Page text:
Monday, September 5, 2011

A failed upgrade to the three phase generator

After I created a three phase generator, my first thoughts were about how could I upgrade it to increase the power. Ideally I wanted a generator which could produce three phase power at a low enough frequency that I could see the A B C phase rotation in real time on LEDs.

The most obvious way I could upgrade my generator was with a iron core. The iron in the core gets magnetized whenever a magnet passes by. This dramatically increases the magnetic flux through the core and therefore increases the voltage produced by the generator. The best material for such a core is laminated steel. This is complicated and expensive if you don't have the tooling. So I followed another DIY generator page and used iron filings for a core.

The first thing I tried was to go into my side yard with a magnet. This failed. The soil was too hard for me to get any significant number of filings from it.

Next, I tried to destroy an old rusty pan with a file. This worked, but was way too much work. I then tried drilling a whole bunch of holes in the pan with a drill. This also worked, but also was too much work. There just isn't as much steel in a muffin pan as you would expect.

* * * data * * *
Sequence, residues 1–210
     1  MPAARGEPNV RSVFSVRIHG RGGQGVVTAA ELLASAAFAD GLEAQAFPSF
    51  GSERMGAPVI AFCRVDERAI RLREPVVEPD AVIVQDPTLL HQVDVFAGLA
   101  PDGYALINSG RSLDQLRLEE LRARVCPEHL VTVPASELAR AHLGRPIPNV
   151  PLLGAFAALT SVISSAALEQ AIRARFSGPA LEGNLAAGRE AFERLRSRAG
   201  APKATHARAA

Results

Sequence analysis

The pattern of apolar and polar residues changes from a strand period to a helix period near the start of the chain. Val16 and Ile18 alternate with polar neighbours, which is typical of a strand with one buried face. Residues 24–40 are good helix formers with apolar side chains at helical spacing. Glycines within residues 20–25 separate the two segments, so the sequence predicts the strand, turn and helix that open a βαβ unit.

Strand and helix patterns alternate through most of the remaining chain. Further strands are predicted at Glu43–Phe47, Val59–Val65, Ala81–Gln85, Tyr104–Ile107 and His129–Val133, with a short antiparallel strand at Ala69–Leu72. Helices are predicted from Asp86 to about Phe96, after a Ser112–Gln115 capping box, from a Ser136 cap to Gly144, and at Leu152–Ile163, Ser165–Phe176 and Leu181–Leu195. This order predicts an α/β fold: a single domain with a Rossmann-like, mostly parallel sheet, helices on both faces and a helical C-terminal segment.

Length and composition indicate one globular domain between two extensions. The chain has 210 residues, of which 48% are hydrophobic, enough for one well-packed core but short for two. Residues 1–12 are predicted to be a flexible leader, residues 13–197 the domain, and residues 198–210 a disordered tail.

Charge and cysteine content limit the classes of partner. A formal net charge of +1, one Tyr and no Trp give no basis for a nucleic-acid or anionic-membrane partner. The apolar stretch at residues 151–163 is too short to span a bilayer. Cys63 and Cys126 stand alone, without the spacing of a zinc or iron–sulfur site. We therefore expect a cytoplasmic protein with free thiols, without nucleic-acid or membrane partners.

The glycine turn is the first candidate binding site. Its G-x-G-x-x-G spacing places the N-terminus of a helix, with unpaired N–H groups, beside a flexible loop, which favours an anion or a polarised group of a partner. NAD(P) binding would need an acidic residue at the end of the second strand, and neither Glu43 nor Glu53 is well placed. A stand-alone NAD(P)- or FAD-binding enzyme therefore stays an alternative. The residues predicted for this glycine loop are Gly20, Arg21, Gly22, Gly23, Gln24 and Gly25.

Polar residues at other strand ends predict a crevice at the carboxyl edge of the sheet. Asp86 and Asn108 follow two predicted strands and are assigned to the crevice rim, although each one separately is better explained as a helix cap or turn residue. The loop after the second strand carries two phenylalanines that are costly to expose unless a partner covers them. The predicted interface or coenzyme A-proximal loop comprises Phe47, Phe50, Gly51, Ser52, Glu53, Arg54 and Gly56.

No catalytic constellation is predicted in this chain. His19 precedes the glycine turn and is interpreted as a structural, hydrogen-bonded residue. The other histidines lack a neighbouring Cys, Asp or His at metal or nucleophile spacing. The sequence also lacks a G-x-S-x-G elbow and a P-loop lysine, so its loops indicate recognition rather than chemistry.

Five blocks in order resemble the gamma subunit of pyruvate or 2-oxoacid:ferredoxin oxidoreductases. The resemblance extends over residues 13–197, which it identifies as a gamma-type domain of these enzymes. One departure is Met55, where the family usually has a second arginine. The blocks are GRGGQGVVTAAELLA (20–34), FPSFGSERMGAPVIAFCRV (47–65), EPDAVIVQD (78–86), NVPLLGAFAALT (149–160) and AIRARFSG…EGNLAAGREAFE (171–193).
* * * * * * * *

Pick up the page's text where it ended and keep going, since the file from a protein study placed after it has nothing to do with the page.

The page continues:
Next, I tied two large neodymium magnets to a string and went for a walk dragging the magnet around. Eventually, I found a big area with loose dirt next to a road. This was just full of iron filings and in ten or fifteen minutes I was ab to get what I needed.

After getting home, I cleaned the filings by dumping them on the ground and picking them back up until I got the dirt out of them.

Then I mixed the filings with wood glue and filled my cores with the sticky mess.

I then put the rotor on the generator and tried to spin it. Nothing. Not that it didn't produce any Voltage, but it didn't spin. The magnets were so strong that they bent the cd pulling all the magnets right up to the core. The rotor was just not strong enough to spin them.

I thought I could fix this with a stronger rotor. So I went and bought a 4.5 inch saw blade and mounted the magnets on it. This failed too. Instead of the top CD bending, the bottom CD bent.

I tried gluing the bottom cd to the acrylic plate. Still, no luck. The magnets could rotate if I got them high enough, but not fast enough to produce a reasonable voltage.

The last thing I did was put 8 smaller magnets on it. I couldn't rotate unless the magnets were well above the cores, but finally I got a volt out of the generator. I was still not all that happy with the output though. So I went ahead with a redesign of the generator.

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